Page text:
Hubert Davis has already joined an exclusive list of coaches by making the Final Four in his first season, and though we’ll have time to question some of the finer points of the job he’s doing after the season’s over, there’s no denying that he’s done a masterful job pulling this team together, getting the Iron Five on the same page to become one of the best lineups in the country since March began, and hitting his opponents’ pressure points on offense and running what he needs to to keep taking advantage of his opponents, including Duke in Durham, where the R.J. Davis-Armando Bacot middle pick-and-roll sliced the Blue Devils the whole second half. Be that as it may, this game is only about this game, and despite Krzyzewski’s best efforts to make it otherwise this year, no individual game is ever really about the coaches involved, and there’s always a healthy dose of luck involved. K’s earned his flowers and plaudits as the winningest coach in men’s college basketball history, and Davis has already written his name in the history books with the promise of more, but has a long way to go. But whatever happens Saturday night changes none of that.

4. For this game only, no mockery.

There’s a lot of ink out there about how UNC-Duke is a rivalry of respect between equals, and while that’s not entirely untrue, the implication — that this respect puts any of us above pointing and laughing at the other side’s foibles, or being generally mean-spirited about the other in our day-to-day lives, or in one of our cases, making dumber-by-the-year jeer sheets for the opponent — is completely off-base. Each win is an excuse for a day of feeling superior, of reliving best moments at friends’ and colleagues’ expense, of relentless needling and, given my audience, probably some web-based schadenfreude. Let’s not do that this time. UNC fans would undoubtedly have a lot to laugh at if they were to send Coach K off with a loss for the second time in a month, this time permanently, but making the Final Four with a one-and-done team is still a pretty tremendous season. And I’m sure Duke fans would love ending an underdog UNC run and skirting as close to the line of Line 1 as they could get, but they also have to respect an 8 seed making the Final Four, let alone this specific UNC squad. Both teams have had incredible years. I think the loser will have earned a dignified exit.

And finally,

5. Fans of the winners limit themselves to 3 trump cards per loved one on the other side.

Playing the other in a national championship, of course, is an ever-renewable trump card, which is why I say it would end the rivalry. And the rivalry is littered with particular instances that hold just a little more power than the usual: 8 points in 17 seconds, the 2005 comeback, J.J. Redick’s Senior Night, 8 Points 8 Miles, and of course Coach K’s Last Home Game come to mind on the UNC side, and Duke’s got Roy’s first home game of the series with Duhon’s game-winning layup, the Austin Rivers game, and the comeback of 2020 that I’m still having trouble getting out of my brain. But there’s no denying that this game is going to hold a little extra juice. This hasn’t happened in the past 50-ish years it’s been possible and is unlikely to happen again within the lifetime of anybody old enough to be reading this.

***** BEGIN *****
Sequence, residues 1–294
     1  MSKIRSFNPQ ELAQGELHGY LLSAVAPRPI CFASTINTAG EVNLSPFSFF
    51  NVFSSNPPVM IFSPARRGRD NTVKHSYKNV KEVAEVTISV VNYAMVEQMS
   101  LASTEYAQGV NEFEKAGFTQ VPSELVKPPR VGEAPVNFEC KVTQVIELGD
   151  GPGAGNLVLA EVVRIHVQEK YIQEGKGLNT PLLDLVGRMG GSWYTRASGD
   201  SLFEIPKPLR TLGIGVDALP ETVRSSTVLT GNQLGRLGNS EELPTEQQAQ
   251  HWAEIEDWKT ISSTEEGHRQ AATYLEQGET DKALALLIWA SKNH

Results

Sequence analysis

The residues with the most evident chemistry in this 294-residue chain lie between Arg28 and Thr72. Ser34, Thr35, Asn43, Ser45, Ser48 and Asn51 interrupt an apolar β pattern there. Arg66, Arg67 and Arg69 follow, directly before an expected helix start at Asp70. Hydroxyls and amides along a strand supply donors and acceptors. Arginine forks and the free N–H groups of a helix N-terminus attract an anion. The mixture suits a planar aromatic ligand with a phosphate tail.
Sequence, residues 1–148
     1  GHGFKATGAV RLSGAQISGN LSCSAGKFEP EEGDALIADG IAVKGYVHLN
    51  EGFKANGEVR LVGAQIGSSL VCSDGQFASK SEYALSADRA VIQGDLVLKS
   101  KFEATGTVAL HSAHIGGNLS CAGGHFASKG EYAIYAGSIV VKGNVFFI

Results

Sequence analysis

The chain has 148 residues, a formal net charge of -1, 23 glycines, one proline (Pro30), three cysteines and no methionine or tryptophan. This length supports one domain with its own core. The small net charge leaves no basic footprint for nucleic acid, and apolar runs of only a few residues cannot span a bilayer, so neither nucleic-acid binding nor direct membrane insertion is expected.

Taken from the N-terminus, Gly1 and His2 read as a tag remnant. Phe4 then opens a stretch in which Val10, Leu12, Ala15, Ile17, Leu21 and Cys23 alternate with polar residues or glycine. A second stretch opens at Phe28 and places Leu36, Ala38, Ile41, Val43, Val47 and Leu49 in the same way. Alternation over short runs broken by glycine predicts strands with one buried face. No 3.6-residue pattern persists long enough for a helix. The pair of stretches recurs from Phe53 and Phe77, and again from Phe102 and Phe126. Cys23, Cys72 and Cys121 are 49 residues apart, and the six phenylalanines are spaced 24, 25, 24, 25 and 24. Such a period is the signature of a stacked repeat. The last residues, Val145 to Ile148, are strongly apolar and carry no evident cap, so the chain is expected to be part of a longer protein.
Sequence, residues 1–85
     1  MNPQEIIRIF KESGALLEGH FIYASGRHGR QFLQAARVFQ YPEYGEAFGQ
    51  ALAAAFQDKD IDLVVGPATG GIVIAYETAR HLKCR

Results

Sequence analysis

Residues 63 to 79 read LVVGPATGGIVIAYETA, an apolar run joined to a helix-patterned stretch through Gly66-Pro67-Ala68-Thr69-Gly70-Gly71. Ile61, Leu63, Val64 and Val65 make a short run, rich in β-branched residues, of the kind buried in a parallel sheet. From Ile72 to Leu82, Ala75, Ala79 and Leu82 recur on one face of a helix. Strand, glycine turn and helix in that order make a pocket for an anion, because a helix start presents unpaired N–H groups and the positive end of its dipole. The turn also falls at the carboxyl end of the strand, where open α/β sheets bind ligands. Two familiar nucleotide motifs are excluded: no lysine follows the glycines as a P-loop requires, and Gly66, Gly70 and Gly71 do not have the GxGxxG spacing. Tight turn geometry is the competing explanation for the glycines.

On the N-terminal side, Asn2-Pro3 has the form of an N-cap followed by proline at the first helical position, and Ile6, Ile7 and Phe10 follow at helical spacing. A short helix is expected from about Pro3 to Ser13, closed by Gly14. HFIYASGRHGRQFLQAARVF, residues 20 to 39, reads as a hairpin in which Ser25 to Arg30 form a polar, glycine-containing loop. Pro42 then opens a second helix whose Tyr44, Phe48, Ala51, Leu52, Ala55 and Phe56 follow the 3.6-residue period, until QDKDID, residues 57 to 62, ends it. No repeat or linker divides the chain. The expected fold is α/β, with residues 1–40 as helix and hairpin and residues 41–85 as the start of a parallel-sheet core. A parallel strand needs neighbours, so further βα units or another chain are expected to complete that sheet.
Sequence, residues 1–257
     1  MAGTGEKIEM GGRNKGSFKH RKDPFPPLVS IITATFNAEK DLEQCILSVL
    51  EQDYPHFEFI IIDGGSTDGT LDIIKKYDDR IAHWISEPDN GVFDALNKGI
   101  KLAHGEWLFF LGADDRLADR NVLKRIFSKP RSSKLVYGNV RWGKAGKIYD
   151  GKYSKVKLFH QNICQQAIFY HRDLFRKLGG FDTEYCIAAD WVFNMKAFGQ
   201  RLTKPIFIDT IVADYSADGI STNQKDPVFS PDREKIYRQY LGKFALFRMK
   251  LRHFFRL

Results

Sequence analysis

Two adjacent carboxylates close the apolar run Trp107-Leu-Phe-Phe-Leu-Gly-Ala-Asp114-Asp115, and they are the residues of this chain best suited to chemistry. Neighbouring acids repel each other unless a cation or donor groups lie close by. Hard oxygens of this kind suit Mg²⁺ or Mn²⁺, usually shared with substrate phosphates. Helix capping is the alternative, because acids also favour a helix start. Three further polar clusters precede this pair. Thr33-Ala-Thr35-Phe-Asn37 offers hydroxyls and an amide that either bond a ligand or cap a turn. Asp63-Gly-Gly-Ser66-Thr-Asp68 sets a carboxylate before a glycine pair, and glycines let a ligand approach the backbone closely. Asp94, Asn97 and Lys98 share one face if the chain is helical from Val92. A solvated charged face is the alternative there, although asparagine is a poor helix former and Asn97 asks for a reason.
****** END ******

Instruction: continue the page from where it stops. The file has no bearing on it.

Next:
So I’m going to propose this: for the inevitable pissing matches that we are going to get into with loved ones who practice fandom on the other side of things, we get to use this game 3 times to win, in perpetuity (3 times per person, obviously. I’m not a sadist). We will save them for when our loved ones are being particularly tiresome, or for times in the future when the rivalry feels like it’s not going our way, or whenever you want, but we won’t keep using it. It’s boring and it magnifies the game to exactly the thing we want to avoid. So we’ll treasure the win, but it will not become a part of the permanent banter record, and that’s how it will keep both itself and the rivalry fresh.

And if you’re talking UNC-Duke with strangers, just avoid it altogether. Your side should stand on its own merits the first time you’re bringing it to somebody.

Bring on Saturday, and may the Triangle’s emergency rooms have a night of average-to-below-average traffic free of basketball-induced cardiac events.